Facilities Managers Discuss Major Challenge: an Aging Work Force

Denver — To be sure, there was plenty of gray hair in a Sheraton Hotel ballroom here on Tuesday, where college facilities managers gathered to talk about the most pressing issues during APPA 2012, the annual conference for the college-facilities organization. But when Ted Weidner took the stage, he offered some hard numbers that illustrated the crisis college-facilities organizations face with their aging employees.

Mr. Weidner, assistant vice chancellor for facilities at the University of Nebraska at Lincoln, put up a chart indicating that nearly half of the facilities employees at Lincoln were over 50. The biggest proportion of all Lincoln’s facilities employees—about 35 percent—are age 50 to 59.

“Look at that number from 50 to 59, and how big that is,” Mr. Weidner said. “Where are we going to be in five to 10 years?” He noted that he has one employee who is over 80. And a growing number of his employees—now up to 30 percent—speak English as a second language.

An aging work force in facilities continues to be a quiet but pressing challenge for colleges. Many of these older employees hold valuable and idiosyncratic knowledge about college buildings and systems—knowledge that isn’t recorded in any training manual or facilities plan.

To make matters more difficult, these aging workers and their skills are hard to adequately replace, as employment trends indicate that younger people don’t stay in jobs as long as older generations did. Mr. Weidner cited U.S. Department of Labor statistics indicating that workers today will have had 10 to 14 employers by age 38, and that one in four workers has been in a job for less than a year.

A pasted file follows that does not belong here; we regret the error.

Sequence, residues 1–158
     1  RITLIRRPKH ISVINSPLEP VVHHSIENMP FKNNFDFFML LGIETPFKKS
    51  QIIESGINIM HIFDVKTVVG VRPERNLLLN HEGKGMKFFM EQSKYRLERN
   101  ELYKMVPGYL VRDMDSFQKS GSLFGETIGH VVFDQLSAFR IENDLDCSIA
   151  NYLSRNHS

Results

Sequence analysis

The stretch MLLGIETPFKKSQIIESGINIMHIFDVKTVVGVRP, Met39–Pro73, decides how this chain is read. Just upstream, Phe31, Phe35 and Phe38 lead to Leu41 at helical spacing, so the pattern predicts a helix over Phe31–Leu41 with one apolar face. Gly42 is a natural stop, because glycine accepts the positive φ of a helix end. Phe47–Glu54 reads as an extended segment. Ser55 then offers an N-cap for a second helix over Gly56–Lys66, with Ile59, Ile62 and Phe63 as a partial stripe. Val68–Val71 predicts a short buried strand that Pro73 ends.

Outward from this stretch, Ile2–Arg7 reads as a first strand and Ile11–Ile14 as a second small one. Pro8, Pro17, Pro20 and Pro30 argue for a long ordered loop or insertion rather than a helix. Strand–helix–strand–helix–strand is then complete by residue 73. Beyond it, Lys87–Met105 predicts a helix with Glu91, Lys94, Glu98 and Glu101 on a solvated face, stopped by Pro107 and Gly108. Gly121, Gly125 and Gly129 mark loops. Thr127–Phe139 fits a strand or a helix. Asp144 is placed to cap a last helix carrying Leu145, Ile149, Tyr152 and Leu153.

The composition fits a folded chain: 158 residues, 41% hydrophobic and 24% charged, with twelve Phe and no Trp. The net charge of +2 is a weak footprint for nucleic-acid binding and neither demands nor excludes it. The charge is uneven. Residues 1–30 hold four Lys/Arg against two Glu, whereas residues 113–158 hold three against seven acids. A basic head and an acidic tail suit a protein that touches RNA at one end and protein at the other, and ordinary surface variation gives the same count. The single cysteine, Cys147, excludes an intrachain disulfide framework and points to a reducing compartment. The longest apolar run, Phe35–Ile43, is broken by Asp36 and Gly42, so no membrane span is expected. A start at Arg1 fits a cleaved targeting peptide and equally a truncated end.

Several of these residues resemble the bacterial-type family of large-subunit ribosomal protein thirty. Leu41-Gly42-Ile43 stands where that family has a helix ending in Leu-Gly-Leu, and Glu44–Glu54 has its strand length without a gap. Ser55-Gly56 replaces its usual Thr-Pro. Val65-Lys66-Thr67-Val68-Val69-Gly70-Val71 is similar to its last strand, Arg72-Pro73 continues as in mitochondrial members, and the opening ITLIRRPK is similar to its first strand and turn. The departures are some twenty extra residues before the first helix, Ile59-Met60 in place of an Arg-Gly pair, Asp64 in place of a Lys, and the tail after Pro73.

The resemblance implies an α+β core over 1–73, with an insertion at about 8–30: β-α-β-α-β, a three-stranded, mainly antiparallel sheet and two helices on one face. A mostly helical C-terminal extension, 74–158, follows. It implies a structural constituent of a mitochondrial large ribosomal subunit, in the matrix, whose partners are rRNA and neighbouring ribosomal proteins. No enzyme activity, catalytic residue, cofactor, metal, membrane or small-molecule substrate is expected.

“That’s a challenge for how to maintain the knowledge base,” he said. “In one of our surveys we found that once we keep an employee for five years, we can keep them for 30. Our challenge is keeping them that five years.”

Mr. Weidner was joined onstage by Brooks Baker, associate vice president for facilities at the University of Alabama at Birmingham. “When I look at the mirror, I don’t think that’s the future—and most of my staff says, Praise the Lord,” he quipped.

Mr. Baker outlined another challenge with a younger generation of workers: “Gen X and Gen Y don’t embrace craft and trade positions as a lofty goal,” he said. When he was getting out of high school, half of his class went into the trades—and were proud to do that work. “We have a problem—we have a gap here with pride in being a craftsperson or tradesperson.”

Both Mr. Baker and Mr. Weidner said they had gone to the local trade schools and other training centers to try to recruit employees and support training programs for facilities positions. Mr. Baker said his university sometimes found it easier to hire someone with no experience and train that person on the job.

Some in the audience suggested seeking out returning military-service members as employees. A colleague of Mr. Baker’s said that he was advertising jobs at a U.S. Navy placement center.

Someone from American University’s sustainability office asked whether sustainability programs, which are often run out of facilities departments, had spurred young people’s interest in working for those departments. Mr. Weidner said that much of that interest was coming from nontechnical students, who were particularly helpful in communicating his department’s efforts to green the campus—getting the achievements posted on Facebook or broadcast to the campus in other ways.

Communication has “always been a challenge for the techies that predominantly exist in facilities operations,” he said.

Another audience member, who came from a public college, wondered whether potential future employees might be scared off by widespread antipathy for public-service employees and the pensions and other benefits they have traditionally received. Mr. Baker sympathized with those concerns.

“When I went to work for the university, I came out of industry,” he said. The people who recruited him said, “We can’t pay you what you are making now, but look at the benefits and look at the retirement and all these things that go with it.”

“That was a selling point—it has been for years—but those benefits are under attack,” he said. “It makes it even more difficult to recruit and retain.”

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